"They had this idea that it should have a guaranteed number of laughs, and they had two men sitting in the house, counting the laughs... They got in touch with me and said, ‘There are 92 laughs in the first act and 75 in the second, but only 51 in the third. What do you make of this?’"

Alan refused to alter the play and the producers had the tenacity to suggest it was not his decision to make! They hadn’t bargained for Alan’s fiercely protective agent Margaret Ramsay though, and soon reconsidered their stance!

Absurd Person Singular was successful beyond anyone’s imaginings on Broadway, opening to more than half-a-million dollars in advance bookings. It ran for 592 performances and was the most successful comedy by a British playwright on Broadway since Noël Coward’s Blithe Spirit in 1941. To this day, it remains the longest running Ayckbourn play to have been produced on Broadway.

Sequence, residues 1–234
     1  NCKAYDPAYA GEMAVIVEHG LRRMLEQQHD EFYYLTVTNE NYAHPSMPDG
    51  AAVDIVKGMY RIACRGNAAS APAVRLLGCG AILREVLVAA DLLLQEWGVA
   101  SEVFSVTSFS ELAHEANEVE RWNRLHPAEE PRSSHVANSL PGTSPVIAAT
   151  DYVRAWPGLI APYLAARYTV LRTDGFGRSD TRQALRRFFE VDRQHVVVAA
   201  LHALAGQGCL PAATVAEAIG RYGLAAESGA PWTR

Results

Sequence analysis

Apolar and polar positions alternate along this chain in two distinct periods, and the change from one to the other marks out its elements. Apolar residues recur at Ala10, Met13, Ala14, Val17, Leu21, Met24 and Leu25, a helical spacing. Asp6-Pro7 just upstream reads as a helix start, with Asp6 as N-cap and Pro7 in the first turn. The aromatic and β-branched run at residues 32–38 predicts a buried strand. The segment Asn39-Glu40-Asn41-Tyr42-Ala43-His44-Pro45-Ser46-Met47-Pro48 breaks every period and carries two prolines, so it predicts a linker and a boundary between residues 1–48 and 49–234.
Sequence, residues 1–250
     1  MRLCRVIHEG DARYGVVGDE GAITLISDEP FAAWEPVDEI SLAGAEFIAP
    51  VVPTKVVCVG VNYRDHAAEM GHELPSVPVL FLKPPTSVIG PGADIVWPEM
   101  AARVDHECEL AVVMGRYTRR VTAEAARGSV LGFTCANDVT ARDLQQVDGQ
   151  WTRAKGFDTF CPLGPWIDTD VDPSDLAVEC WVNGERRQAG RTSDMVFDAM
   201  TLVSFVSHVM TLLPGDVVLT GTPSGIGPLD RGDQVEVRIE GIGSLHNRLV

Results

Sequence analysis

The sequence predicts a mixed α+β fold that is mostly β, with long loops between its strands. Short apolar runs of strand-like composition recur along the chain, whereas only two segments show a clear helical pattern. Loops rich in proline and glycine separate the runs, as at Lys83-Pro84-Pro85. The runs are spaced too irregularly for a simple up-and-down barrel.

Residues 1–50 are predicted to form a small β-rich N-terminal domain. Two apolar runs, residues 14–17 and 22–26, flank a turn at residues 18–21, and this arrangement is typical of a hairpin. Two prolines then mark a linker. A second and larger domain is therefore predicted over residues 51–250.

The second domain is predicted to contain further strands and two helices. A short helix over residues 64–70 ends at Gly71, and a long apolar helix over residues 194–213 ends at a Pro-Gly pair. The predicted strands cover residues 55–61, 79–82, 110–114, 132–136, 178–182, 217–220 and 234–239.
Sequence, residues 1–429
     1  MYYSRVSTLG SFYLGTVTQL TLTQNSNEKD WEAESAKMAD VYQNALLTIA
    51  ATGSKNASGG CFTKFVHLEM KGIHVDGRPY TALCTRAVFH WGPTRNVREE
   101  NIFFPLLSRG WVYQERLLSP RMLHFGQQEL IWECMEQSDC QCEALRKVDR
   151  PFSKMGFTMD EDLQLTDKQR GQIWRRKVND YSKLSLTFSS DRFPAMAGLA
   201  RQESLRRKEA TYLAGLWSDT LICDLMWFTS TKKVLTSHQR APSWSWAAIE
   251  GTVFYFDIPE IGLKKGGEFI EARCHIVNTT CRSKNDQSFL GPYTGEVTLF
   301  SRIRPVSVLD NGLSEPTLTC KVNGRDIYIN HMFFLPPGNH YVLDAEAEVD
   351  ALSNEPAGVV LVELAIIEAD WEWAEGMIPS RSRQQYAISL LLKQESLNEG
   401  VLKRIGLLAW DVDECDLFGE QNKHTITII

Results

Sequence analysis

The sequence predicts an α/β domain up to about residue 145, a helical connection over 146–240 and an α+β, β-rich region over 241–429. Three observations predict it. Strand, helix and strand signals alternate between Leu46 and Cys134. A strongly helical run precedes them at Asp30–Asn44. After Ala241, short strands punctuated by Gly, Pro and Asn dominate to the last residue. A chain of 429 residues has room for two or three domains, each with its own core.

Absurd Person Singular has since become the only Ayckbourn play to have multiple productions in the commercial West End and on Broadway with London revivals in 1990 and 2008 and New York in 2005. It is also one of only two plays Alan has directed in Scarborough at all three homes of the Stephen Joseph Theatre.

With adaptations in both radio and television as well as being a perennially popular revival for both professional and amateur companies around the country, there is little denying that
Absurd Person Singular stands not only as a classic Ayckbourn, but also one of his most successful plays.

It also - with the hindsight of 40 years - marks the point where the true voice of Alan Ayckbourn can clearly be heard. Where comedy and tragedy precariously balance on a knife-edge and at which much guilty laughter is heard for the first time, but definitely not the last, at an Ayckbourn play.

Article by Simon Murgatroyd. © Haydonning Ltd, 2002 - 2022, all rights reserved. Please do not reproduce in any form without written consent of the copyright holder.